My form was filled out, and my mind wandered as she spoke. I thought about how beautiful she was. I thought about how I would like to be seen with her or someone who looks like her. I thought about how lovely her skin must feel. I wondered if she was married or single. A glance at the enormous rock on her platinum wedding band told me she was married and to someone of some comfortable income. I wondered if she was clever or funny, if she was a good story teller, if she knew good jokes. If I could magically take her out to dinner without it being wrong for either of us, I wondered what we would talk about. I wondered what she would look like naked, and wondered what kind of partner she would be in bed. I wondered if her husband found her as desirable as I did.
At the end of it of the instructions, I had to turn in my papers to her desk at the front of the room, and wait as she looked them over. I’d noticed earlier, she was wearing a low-cut blouse, and I took a fraction of a second’s view at her cleavage, which I found quite pleasant.
Now, I pose this to any feminist who wishes to help me understand. Did I do anything wrong by your values? Never once did I think I had a right to stare at her, nor did I stare inappropriately. I was supposed to be looking at her, and I spent the vast portion of the time looking at her beautiful, brown eyes and freckled face. I didn’t oogle. I didn’t think then, nor do I now, that she was an object. I did think about sex with her, but I thought about it in passing, and in the context of a relationship.
Was I not supposed to notice that she was attractive? Is there something wrong with desiring sex with an attractive woman? Is anything I did or thought, somehow unethical?
I welcome all comments on this one.
In my earlier post about rape I mentioned the Christian/Conservative/patriarchal party line as my starting point, my beliefs in high school. I explained why I felt this view was wrong, and I agreed more or less with the feminist party line. That post climbed up over 1000 words and I quit, saving the second half for another day. This is the half where I admit thought I agree with my own conclusion, I am concerned by the direction society has taken in response to the tension between these two view points.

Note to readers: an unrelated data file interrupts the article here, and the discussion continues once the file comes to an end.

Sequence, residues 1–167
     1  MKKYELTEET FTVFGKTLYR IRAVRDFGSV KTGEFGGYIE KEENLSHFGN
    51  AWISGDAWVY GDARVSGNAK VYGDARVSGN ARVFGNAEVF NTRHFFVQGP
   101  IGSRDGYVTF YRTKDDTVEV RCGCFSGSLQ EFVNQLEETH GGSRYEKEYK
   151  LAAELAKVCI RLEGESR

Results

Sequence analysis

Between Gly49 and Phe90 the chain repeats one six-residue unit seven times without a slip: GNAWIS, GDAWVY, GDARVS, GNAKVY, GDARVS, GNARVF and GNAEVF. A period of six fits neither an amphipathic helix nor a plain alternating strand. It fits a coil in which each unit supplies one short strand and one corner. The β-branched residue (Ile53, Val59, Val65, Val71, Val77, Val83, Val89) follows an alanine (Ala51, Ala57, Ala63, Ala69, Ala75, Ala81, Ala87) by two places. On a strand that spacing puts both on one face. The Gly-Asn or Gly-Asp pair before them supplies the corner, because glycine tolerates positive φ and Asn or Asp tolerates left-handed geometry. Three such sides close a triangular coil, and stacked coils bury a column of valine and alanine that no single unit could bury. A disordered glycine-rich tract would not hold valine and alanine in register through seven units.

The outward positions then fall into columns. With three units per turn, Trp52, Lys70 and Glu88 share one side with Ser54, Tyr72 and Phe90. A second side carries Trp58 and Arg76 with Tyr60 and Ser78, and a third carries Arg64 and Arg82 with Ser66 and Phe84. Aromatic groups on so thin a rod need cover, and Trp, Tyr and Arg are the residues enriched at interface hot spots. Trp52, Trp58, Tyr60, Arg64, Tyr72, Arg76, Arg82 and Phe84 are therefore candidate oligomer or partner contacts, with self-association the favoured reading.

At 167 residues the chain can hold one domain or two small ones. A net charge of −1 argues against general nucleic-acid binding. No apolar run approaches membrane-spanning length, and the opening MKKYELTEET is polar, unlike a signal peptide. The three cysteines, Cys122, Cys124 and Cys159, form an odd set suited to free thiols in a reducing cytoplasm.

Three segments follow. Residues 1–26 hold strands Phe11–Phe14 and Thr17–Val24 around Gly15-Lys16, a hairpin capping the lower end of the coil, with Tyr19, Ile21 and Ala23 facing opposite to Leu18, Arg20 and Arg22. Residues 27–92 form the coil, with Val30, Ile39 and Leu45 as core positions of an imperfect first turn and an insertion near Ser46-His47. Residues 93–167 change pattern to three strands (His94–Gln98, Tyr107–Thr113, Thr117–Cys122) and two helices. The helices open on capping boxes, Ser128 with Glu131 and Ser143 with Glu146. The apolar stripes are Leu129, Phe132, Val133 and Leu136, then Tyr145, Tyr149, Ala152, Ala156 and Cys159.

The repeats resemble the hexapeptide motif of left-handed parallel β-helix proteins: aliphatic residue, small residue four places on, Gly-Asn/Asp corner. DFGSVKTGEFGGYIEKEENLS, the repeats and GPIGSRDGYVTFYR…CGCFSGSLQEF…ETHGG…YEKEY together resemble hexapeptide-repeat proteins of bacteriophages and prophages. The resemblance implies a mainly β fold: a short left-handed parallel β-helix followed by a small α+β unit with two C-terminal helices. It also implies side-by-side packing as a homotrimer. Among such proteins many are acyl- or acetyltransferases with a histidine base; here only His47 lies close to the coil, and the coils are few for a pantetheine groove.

For some reason, women trust me. They tell me things they would not tell other men in their life, and this contributes greatly to my disillusionment with Christianity. Being a fundamentalist home schooler, my high school was the kitchen table, and not a lot of sexual coming of age happened there. The place that “grew me up” was my job at East Iowa Bible Camp. A busy lifeguard, I sat stone still, watching my grossly over crowded pool carefully. There was room for two my stand, and to make sure I didn’t miss anyone, I didn’t talk. I just listened.
Girl after girl sat on my stand with me. Enjoying the comfortable silence for a time, and then beginning to talk. And they told of their rapes. I don’t remember the numbers anymore, just that it was more than half. These beautiful young women, with their shining eyes and easy smiles had been raped. So many of them had been raped. They were worship leaders, youth group assistants, nursery volunteers. They were young the face of Christianity, fresh scrubbed and facing the ‘morrow. It still disturbs the hell out me as I write it 12 years later.